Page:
New York's Cooperative and Condominium Community

Habitat Magazine Insider Guide



When Responsibilities Don’t Match …

The standard form of proprietary lease includes a “lessor repair” section (often included as Paragraph 2 of the lease), which says, “The lessor [the apartment corporation] shall, at its own expense, keep in good repair all of the building, including the apartments, the sidewalks, the courts surrounding the building, its equipment and apparatus, except those portions the maintenance and repair of which are expressly stated to be the responsibility of the lessee.”

What that means is that the corporation is responsible for maintaining the entire building except for the portion of the building that is the responsibility of the lessee. This portion of the lease works hand in hand with the “lessee repair” section, which is usually included as Paragraph 18 of the lease.

It’s important that these two clauses work together and be consistent so that areas of repair don’t fall through the gap. If it is difficult to determine who is responsible for a particular item of repair, problems arise. Therefore, boards should look at their proprietary leases, particularly these provisions, and make clear what the shareholder’s responsibilities are. The responsibility for the following repair items should be clearly delineated: windows, shower bodies, shower pans, mixing valves, chimney flues, chimneys, prior alterations, greenhouses and terrace enclosures, and areas of apartments that may have been altered previously, either by the current or a prior shareholder.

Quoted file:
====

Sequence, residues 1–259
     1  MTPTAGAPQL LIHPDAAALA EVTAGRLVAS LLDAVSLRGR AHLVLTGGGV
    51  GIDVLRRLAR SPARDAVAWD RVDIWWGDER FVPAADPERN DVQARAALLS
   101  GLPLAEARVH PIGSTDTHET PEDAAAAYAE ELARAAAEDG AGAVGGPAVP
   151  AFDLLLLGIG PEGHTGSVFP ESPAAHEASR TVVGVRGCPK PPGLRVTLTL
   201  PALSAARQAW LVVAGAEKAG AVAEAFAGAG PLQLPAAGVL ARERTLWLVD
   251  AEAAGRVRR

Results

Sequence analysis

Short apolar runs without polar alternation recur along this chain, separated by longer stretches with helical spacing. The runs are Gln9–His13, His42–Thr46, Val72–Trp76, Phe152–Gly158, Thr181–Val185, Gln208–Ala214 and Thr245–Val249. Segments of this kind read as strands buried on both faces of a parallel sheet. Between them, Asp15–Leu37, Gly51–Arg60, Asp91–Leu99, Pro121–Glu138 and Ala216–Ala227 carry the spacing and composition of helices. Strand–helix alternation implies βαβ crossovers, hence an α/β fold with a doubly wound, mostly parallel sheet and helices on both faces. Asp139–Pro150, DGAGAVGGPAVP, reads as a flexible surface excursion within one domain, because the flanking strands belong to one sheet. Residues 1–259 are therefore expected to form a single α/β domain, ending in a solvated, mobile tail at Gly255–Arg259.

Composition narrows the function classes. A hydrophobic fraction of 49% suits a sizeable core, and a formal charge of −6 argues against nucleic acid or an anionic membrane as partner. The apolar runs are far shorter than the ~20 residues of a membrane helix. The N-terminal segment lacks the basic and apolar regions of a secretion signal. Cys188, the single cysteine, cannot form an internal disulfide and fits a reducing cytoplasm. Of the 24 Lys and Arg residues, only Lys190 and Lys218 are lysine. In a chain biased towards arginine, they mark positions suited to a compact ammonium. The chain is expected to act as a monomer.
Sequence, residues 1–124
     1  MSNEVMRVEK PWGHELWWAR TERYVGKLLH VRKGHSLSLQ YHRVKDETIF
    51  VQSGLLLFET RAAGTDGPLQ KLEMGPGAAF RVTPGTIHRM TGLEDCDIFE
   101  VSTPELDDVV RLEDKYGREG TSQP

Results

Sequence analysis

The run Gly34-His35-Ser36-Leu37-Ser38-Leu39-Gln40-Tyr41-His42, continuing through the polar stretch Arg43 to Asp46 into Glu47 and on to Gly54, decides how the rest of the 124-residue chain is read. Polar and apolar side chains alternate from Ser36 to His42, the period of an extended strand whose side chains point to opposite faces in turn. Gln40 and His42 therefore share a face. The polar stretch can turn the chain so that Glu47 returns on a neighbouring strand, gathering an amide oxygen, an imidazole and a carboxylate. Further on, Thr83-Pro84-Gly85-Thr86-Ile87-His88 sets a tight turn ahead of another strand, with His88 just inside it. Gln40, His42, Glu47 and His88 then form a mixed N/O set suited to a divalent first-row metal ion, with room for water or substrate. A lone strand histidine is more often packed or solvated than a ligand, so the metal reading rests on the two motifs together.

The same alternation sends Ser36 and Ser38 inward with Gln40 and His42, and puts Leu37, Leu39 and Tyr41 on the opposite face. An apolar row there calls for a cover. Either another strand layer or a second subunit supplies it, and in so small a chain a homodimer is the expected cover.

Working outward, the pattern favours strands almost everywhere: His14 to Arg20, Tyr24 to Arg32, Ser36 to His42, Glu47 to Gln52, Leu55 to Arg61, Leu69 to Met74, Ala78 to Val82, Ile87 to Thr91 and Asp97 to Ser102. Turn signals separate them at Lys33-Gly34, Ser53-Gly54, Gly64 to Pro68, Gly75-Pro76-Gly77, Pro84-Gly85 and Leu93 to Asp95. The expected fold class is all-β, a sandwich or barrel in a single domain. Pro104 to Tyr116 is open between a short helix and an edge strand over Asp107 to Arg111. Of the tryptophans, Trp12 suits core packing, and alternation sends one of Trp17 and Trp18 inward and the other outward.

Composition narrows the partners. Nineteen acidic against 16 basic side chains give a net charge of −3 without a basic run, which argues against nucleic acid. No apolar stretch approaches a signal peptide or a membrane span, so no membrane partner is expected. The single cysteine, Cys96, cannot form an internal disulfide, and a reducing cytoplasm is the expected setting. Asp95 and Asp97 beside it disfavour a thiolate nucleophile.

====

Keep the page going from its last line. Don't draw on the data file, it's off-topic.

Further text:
Carved out from the lessor’s repair responsibilities, and important to include in any comprehensive proprietary lease, are the following elements: the portion of the property that is reserved to the lessee; any repairs to portions of an apartment that have been altered by the shareholder or by a prior shareholder; and any decorative elements to an apartment. The apartment corporation is responsible for maintaining and repairing the supports, beams, roofs, terraces, cellars, chimneys, entrances, street doorways, main halls, and stairways.

One of the areas where we see a lot of confusion and some litigation is over who is responsible for the replacement of a finished floor, wallpaper, lighting fixtures, and any decorative elements. The lease should be clear that the co-op is only responsible to repair the walls, the floors, and the ceiling, but not any decorative finishes or finished floors.

The lease should state, “In no event other than in the event that the lessor was negligent in making the repair shall the lessor be responsible for the repair, restoration, matching, or replacing of items of personal property within an apartment with any installations, fixtures, or alterations performed or installed by the lessee or any prior lessee of the apartment, or any decorative finishes such as wallpaper, special paint, carpeting, flooring, or tile work.”

The paragraphs relating to a shareholder’s repair and a co-op’s repair need to work together. They need to be consistent. They need to be comprehensive.

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